Once, I was told: “Noynoy, just begin the change.” So we did, and we can all see how far we have come. Now, my countrymen, let us continue to stand arm-in-arm. Together, let us foster, accelerate, and expand the transformation of society. I am Noynoy Aquino, and I proudly say to the world: I am a Filipino. How wonderful it is to be a Filipino in these times.

Thank you.

(This is the English version of Pres. Noynoy’s SONA. It was originally delivered though in Tagalog. Source: http://www.gov.ph)

Read Full Post »


This is good news, Pres. Aquino declaring the holidays for 2013 early.  Now you can plan your trips and vacations for next year.

A. Regular Holidays
New Year’s Day
Maundy Thursday
Good Friday
Araw ng Kagitingan
January 1 (Tuesday)
March 28
March 29
April 9 (Tuesday)
Labor Day
Independence Day
National Heroes Day
Bonifacio Day
Christmas Day
Rizal Day
May 1 (Wednesday)
June 12 (Wednesday)
August 26 (Last Monday of August)
November 30 (Saturday)
December 25 (Wednesday)
December 30 (Monday)
B. Special (Non-Working) Days
Black Saturday
Ninoy Aquino Day
All Saints Day
Additional special (non-working days)  Last Day of the Year
March 30
August 21 (Wednesday)
November 1 (Friday)
November 2 (Saturday)
December 24 (Tuesday)
December 31 (Tuesday)
C. Special Holiday (for all schools)
EDSA Revolution Anniversary February 25 (Monday)

Read Full Post »


I watched this from beginning to end – the requiem mass, the 19 gun salute, Pres. PNoy’s eulogy/tribute  but Leni’s response as recorded in this video is the one I love best. He was an ideal father, an ideal husband, a  man who loved  his family and found time to be with them despite his being busy with his government post as Secretary of DILG. The President conferred  on him a posthumous Philippine Legion of Honor, with the rank of Chief Commander,  and presented it to his wife, Atty. Leni Robredo.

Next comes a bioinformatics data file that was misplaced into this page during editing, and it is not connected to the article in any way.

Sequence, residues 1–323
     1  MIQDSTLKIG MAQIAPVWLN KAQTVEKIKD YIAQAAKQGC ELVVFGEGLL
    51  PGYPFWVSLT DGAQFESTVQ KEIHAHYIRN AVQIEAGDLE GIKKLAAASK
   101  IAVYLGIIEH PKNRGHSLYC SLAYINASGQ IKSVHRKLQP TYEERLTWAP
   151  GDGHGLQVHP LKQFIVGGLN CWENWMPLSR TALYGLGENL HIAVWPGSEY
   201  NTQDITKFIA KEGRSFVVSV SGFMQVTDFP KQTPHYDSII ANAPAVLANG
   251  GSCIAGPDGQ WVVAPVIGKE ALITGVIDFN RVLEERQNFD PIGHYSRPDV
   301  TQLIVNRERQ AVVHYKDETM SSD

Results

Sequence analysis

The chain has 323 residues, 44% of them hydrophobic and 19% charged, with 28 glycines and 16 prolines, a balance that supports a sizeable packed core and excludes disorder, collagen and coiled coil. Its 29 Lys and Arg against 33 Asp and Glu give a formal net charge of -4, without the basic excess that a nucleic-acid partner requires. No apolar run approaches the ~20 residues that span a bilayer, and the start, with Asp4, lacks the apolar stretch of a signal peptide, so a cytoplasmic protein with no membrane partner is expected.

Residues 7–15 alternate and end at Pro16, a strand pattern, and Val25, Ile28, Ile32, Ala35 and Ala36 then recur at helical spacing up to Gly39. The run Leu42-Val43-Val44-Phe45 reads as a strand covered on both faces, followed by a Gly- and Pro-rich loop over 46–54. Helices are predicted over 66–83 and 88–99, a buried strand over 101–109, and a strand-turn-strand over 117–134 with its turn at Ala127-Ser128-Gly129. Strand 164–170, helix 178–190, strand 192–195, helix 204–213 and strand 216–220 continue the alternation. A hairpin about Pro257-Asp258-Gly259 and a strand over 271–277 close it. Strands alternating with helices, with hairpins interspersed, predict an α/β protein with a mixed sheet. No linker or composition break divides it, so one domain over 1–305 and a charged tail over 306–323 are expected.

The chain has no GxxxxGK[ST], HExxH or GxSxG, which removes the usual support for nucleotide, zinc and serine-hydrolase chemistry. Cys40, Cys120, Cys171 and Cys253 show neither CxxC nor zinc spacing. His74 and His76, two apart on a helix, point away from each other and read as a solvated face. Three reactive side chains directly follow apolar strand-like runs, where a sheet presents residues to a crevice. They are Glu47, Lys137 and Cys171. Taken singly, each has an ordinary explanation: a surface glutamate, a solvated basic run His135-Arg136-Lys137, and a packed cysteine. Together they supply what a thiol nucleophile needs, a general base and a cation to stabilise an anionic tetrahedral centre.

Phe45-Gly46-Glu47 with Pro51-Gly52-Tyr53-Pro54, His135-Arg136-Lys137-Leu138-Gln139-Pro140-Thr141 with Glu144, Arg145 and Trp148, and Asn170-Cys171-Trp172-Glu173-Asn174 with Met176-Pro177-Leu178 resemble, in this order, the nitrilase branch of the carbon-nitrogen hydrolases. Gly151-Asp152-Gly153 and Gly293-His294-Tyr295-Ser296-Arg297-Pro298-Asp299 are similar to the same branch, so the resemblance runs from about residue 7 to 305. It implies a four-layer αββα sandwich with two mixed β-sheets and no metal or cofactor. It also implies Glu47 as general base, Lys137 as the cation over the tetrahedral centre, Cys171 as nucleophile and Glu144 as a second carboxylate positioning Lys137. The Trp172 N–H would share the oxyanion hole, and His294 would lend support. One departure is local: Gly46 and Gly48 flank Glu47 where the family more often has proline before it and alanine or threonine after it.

You can never put a good man down. He will always occupy a special place in your heart.

I salute you SEC. ROBREDO for making us so proud that good governance is not lost in our country. May this be a wake-up call to those government officials who only think of their own selfish motives instead of sincerely serving the people. It’s never too late to put into action what they promised to do and serve the Filipino people with sincerity just like you did.

(Thank you ABS CBN for sharing these videos).

Read Full Post »


I love to address the first few lines to those Filipinos who have nothing in mind but to badmouth everything that is happening in our present government. It’s as if they are all perfect and they exactly know how to run our country  and offer viable solutions and make the Philippines  a country we could all be proud of. If you are so smart enough, why don’t you  offer solutions to the problems besetting every one of us, why do you just stay in the sidelines and let yourself rant and whine or is that your way of pulling down the rest of us who still feel optimistic that there is a great chance for us to achieve our goals as one collective voice? Such a pathetic attitude. I didn’t vote for PNoy but I believe that he has that sincere desire to make it work. At saan ba nag-uumpisa kundi  dapat sa malinis at hindi corrupt na gobyerno?

It was delivered in Tagalog  which is more easily understood by Juan dela Cruz.  It took all of an hour  and a half, with around 115  applause in between, not that the applause matters much but  there are highlights in his speech that  are really worth-admiring for want of a better word. Walang hindi makakaya ang nagkakaisang Pilipino, he said. Nothing is impossible to a united Filipino nation. How true, we dreamed of a change, we dreamed of a corrupt-free government run by honest people we elected in office. He mentioned about responsible parenthood in relation to the shortages of classrooms, school chairs and books and it was the most applauded highlight of his speech. I wonder though if it equates to the controversial RH Bill which I hope will never be passed into law. There is a continuing opposition on the part of the Catholic Church. But I guess, responsible parenthood does not necessarily mean that you have to use  contraceptives, I take it to mean that you can plan your family the natural way so you can give them a good future in the end. It’s up to individual couple to observe the natural means (without using drastic measures to prevent conception) of family planning – that’s responsible parenthood for me. You can’t measure a progress of one nation by curtailing  a younger  generation which is the hope of a country’s future. And here’s Pres. Aquino’s stand on responsible parenthood.